My initial treatment regime was neo-adjuvant chemotherapy, surgery & radiation therapy (in this order). I was actually excited to go for chemo for some strange reason! I think it’s because I’ve always been into medical TV shows and was just curious as to how I would react to it. That excitement was pretty short lived because on the night of my first infusion, I told my family I didn’t want to do it anymore. I was groggy, nauseated and I could barely open my eyes. I didn’t have the stomach to eat anything. It was horrible. I went home and I didn’t even have the strength to walk to my room. I could only stay up for 2 hours at a time and eat half of the portion I normally do. I couldn’t look at any screens because it would cause nausea. I think the only positive outcome during the first week of chemo was that I had food cravings. I distinctly remember asking my husband for a Crambo Chicken Sandwich from O’Briens and I finished the whole plate. Of course that was followed by fatigue, nausea and an early bedtime (7pm)!
Everyone has their own way of calming their nerves. For me, it was my little niece who was then about a year old, and prayer. I didn’t have the energy to pray standing up, so I’d have to pray sitting down. Sometimes I’d cry during prayer, because it’s one of those quiet times I have just to myself and God. Moving forward, my side effects became manageable because I would have the same side effects each cycle and it would happen at the same time. For example, my nausea would come around 7pm and I will make sure I have my dinner by 6pm to be able to sleep through my nausea.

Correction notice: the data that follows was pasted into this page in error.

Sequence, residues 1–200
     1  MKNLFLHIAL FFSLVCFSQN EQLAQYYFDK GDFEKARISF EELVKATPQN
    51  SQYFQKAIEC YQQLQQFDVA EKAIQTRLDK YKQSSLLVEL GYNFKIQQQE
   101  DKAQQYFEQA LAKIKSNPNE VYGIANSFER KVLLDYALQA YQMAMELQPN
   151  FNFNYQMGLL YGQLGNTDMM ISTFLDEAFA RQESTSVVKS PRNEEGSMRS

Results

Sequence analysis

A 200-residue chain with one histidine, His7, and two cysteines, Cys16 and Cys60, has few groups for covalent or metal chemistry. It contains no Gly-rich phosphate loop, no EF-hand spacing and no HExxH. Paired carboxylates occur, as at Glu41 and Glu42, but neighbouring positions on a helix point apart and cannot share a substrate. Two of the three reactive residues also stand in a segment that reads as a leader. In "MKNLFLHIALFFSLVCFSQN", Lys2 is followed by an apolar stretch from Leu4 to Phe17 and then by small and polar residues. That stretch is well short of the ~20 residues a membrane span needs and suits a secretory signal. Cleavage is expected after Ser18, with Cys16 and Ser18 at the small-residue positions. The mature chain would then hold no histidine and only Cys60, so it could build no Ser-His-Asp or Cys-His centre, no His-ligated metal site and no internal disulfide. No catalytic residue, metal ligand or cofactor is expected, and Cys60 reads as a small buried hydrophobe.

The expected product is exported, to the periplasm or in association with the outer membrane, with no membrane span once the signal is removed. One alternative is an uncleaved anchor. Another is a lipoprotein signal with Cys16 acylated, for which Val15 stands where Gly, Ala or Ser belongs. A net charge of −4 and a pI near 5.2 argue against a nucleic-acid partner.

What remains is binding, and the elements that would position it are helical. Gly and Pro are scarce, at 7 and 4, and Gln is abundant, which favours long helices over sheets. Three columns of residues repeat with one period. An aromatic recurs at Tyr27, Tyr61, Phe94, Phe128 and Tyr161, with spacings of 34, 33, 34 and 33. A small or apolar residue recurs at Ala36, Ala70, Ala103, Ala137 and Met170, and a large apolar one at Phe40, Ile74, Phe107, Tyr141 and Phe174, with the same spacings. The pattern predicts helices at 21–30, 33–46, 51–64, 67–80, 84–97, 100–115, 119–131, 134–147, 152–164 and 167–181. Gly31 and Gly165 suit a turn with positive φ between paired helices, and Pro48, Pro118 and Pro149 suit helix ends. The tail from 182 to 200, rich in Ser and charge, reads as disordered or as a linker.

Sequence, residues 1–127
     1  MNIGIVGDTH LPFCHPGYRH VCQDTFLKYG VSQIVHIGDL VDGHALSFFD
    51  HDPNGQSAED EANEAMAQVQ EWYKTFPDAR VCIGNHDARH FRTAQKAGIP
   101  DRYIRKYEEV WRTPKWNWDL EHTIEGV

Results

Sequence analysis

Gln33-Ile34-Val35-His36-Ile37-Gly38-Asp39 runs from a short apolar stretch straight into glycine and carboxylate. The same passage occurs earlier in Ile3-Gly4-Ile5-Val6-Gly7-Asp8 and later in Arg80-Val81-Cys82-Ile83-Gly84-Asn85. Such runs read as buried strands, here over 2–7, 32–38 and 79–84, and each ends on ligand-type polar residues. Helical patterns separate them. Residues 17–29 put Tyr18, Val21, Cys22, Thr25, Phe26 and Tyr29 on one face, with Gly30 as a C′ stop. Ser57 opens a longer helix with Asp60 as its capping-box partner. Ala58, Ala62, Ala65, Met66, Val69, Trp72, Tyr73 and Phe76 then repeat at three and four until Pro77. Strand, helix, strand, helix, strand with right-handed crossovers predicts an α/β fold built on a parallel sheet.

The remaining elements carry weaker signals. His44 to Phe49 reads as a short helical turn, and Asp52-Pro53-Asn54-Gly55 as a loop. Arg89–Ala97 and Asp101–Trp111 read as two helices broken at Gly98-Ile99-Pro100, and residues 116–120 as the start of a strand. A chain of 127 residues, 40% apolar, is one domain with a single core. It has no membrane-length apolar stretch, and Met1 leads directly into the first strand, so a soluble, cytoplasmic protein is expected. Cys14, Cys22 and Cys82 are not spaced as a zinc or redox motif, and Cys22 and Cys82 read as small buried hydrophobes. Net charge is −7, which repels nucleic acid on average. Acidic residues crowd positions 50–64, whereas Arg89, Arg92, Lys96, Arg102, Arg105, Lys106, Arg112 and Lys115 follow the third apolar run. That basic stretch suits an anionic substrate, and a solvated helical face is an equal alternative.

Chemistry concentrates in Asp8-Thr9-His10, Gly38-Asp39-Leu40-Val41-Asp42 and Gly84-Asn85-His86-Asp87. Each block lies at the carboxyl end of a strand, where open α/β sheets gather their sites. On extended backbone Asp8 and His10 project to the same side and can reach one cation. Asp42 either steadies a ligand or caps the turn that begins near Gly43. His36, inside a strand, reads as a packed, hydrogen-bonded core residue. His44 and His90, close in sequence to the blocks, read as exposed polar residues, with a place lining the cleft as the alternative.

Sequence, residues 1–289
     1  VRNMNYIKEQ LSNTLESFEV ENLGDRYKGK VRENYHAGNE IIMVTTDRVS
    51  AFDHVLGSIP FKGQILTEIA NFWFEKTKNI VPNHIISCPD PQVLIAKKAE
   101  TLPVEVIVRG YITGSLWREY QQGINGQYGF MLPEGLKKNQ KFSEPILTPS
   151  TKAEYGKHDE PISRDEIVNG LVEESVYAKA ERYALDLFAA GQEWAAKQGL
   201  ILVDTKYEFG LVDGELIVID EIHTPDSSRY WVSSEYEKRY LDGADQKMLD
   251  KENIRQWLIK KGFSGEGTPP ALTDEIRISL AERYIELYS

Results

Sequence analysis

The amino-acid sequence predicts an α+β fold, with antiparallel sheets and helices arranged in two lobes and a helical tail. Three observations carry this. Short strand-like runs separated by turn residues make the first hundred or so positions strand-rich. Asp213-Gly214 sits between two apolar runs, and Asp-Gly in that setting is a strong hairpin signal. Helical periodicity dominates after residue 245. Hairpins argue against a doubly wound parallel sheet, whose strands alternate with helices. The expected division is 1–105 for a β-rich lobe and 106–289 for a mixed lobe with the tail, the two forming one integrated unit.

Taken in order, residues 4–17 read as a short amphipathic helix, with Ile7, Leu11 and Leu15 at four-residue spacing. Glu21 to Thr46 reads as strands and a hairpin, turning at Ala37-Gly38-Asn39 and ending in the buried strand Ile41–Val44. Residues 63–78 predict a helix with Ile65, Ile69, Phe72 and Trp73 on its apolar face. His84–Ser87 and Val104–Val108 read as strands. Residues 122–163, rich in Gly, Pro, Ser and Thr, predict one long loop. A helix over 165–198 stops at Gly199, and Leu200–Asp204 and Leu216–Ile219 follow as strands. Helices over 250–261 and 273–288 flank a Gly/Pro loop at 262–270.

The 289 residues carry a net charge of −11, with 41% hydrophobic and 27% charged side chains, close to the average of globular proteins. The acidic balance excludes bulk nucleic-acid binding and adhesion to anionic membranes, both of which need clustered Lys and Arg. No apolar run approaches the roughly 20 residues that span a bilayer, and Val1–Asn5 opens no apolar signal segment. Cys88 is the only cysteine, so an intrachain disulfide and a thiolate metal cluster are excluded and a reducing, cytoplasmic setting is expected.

When my chemo meds changed, there was less fatigue (which was great!) but a lot more pain. I was on a drug that went into my bones, which caused me to be in pain for 1.5 weeks from infusion. The only thing that helped alleviate the pain would be muscle gels (deep cold to be exact). Looking back at all this, I definitely couldn’t have done it on my own. Not just the physical challenges but the mental challenges too. It was hard having to go through the treatment and to force myself to rest, when my peers were moving forward in their lives and careers. Having to re-learn new things about myself is hard. I’m so grateful that I didn’t have to go through this journey alone.
The most common question that I get is “does chemotherapy hurt?” and “do you have to go through a machine during chemo?”. To clarify these two common questions:
- Pain during chemo really depends on the medication that a patient is on. Some meds cause pain, some cause hair loss, some cause weight gain. The most common misconception is that chemo patients have to be bald and skinny. This isn’t true. Treatment has come such a long way from what we see on the TV. Doctors and researchers have come up with treatments that don’t have severe side effects and/or have medication to make these side effects manageable. So as bad as my side effects were, I always kept in mind that it’s not as bad as for example, my grandmother’s time.
- Radiation therapy and chemotherapy are often confused for one another. Radiation therapy is where the patient goes through the radiation machine and it shoots high doses of radiation to kill cancer cells. It takes maybe 15-20 mins for 15 rounds. Think of it as a really bad sunburn. For me, my skin turned red, and then black and started peeling during the first 2-3 weeks. Thanks to the wonders of aloe vera gel, it didn’t hurt too bad! I would buy a bottle of unscented aloe vera gel and keep it in the refridgerator to use when necessary, just like I would if I had a sun burn.